The recent distribution of sensitive and classified U.S. documents by WikiLeaks has caused an enormous uproar within the Beltway as well as capital cities and embassies around the world, providing fodder for talking heads and pundits alike around the globe.
While the WikiLeaks release is considered to have caused significant diplomatic and national-security damage, there is a fundamental consequence which is now only receiving the attention it deserves.
Several American private corporations and a few international corporations came under cyberattack by so-called supporters of WikiLeaks. It is believed that WikiLeaks sympathizers employed a distributed denial-of-service attack (a nefarious effort to ensure an Internet portal is unable to operate as a consequence of an unnatural volume of user-page requests) against the likes of Visa, Mastercard, PayPal, EveryDNS, the Swiss firm PostFinance and a few political-action committee websites deemed unsavory.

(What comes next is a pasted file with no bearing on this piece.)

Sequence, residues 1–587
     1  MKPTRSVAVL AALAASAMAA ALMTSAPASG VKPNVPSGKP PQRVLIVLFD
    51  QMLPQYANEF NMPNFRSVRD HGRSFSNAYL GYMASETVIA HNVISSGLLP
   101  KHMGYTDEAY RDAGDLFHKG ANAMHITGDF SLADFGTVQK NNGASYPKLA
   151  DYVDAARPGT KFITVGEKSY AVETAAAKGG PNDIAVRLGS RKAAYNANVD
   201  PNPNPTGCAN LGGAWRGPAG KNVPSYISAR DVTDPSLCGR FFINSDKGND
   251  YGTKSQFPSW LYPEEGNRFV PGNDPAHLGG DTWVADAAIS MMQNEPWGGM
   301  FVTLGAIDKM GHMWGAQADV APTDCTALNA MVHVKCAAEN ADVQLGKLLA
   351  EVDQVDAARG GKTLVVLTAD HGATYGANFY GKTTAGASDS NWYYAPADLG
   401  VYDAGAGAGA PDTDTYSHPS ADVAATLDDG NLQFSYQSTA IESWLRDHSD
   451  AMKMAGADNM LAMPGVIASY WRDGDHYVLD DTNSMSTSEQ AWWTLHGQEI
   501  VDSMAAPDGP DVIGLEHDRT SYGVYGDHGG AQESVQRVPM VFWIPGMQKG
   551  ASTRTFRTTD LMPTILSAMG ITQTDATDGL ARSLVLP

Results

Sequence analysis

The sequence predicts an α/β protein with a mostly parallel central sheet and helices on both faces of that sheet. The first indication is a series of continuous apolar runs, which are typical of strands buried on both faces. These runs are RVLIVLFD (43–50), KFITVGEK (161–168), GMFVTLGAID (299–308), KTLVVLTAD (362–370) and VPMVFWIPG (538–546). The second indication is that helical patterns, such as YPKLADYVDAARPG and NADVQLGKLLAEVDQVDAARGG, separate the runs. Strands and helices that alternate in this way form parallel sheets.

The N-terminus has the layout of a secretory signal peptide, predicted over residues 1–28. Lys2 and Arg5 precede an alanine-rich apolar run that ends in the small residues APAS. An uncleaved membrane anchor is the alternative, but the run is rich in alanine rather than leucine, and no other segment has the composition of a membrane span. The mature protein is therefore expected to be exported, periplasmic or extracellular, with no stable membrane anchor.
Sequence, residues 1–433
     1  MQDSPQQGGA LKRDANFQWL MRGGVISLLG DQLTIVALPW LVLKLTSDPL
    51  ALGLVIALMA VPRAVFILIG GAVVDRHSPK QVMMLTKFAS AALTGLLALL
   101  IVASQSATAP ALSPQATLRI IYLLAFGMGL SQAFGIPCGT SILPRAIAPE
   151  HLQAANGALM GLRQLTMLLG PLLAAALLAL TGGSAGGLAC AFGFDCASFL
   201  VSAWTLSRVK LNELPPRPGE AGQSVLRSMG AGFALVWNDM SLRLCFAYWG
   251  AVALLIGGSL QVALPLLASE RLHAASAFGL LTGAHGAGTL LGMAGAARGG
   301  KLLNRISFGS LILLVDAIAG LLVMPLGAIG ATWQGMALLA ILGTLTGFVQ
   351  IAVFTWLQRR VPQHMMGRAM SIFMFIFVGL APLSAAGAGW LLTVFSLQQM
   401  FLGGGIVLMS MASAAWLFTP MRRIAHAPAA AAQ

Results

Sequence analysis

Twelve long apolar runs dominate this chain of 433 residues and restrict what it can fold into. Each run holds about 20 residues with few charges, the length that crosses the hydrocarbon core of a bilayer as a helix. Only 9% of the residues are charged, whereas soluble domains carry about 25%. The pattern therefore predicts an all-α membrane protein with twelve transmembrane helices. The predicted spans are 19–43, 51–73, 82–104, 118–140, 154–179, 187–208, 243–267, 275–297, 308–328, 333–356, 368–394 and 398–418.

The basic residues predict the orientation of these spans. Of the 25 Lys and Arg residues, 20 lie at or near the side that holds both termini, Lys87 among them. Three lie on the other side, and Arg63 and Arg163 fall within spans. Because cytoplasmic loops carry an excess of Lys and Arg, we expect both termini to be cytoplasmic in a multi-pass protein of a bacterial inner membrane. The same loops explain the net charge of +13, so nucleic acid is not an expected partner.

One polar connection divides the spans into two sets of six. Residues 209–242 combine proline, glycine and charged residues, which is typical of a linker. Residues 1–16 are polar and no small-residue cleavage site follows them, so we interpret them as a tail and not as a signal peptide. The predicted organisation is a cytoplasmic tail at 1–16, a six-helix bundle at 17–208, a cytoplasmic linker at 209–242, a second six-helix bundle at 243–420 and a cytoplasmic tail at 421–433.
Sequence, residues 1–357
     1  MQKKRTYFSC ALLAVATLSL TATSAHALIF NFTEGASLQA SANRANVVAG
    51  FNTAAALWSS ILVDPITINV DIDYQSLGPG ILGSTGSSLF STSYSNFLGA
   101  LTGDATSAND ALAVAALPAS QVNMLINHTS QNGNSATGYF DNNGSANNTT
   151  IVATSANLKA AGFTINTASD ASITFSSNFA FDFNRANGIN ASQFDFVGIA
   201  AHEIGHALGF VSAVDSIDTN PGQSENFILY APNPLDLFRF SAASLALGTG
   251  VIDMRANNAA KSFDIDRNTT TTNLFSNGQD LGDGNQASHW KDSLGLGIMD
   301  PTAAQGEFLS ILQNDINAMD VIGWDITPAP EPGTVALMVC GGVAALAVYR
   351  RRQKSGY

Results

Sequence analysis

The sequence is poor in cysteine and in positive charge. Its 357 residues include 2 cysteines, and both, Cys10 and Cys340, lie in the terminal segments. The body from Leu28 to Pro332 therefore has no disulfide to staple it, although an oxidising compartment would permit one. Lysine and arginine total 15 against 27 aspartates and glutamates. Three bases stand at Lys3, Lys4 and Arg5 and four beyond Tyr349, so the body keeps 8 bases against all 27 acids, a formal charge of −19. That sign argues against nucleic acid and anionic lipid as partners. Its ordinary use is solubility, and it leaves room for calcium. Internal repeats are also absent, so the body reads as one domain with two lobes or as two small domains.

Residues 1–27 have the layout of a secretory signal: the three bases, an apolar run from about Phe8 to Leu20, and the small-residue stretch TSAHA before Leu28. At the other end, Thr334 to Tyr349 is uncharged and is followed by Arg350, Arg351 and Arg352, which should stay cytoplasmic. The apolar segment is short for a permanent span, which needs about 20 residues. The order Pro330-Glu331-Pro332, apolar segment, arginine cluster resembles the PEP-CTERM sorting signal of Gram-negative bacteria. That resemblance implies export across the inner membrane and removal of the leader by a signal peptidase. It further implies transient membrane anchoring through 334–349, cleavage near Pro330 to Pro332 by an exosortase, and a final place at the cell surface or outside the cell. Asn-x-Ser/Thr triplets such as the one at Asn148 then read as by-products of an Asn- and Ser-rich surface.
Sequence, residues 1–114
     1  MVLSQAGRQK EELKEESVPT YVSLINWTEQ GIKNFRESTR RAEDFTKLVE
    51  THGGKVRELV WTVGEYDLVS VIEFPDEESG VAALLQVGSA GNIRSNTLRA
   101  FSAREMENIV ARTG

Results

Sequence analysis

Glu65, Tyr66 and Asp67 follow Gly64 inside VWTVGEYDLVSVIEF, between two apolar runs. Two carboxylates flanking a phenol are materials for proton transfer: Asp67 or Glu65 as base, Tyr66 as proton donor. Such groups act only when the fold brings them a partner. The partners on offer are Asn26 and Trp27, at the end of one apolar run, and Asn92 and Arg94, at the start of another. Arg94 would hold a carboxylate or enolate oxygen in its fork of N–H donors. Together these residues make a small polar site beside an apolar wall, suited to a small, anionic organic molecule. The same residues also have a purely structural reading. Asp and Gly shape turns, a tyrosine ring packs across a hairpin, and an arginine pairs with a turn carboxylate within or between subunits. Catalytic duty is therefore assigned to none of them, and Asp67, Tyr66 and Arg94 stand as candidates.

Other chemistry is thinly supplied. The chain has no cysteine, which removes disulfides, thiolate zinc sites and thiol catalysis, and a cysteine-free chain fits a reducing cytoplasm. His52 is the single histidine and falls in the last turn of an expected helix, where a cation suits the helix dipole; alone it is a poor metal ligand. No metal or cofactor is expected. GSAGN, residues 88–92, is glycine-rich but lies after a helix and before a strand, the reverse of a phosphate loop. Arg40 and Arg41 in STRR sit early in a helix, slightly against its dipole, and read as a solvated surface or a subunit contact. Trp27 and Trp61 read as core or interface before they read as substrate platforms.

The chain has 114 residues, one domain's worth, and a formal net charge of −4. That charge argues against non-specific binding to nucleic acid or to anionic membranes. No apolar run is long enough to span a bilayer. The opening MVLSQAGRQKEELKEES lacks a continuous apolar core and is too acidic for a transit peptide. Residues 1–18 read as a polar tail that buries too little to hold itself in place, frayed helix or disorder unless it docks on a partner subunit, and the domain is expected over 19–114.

There is much to be learned by the failures we have seen in recent days and months, but the true test is yet to come. It is clear that fellow allies and U.S. corporate entities alike are currently under full-scale attack as retribution for actions taken to protect shareholder and national interests.
Ignoring the economic realities of today and the financial implications of such cyberattacks serve to undermine the fundamental purpose of government. If the embarrassment and real-life consequences weren’t enough, our fragile economy and some of its most important contributors to job growth appear to be standing alone to thwart a clear and present danger.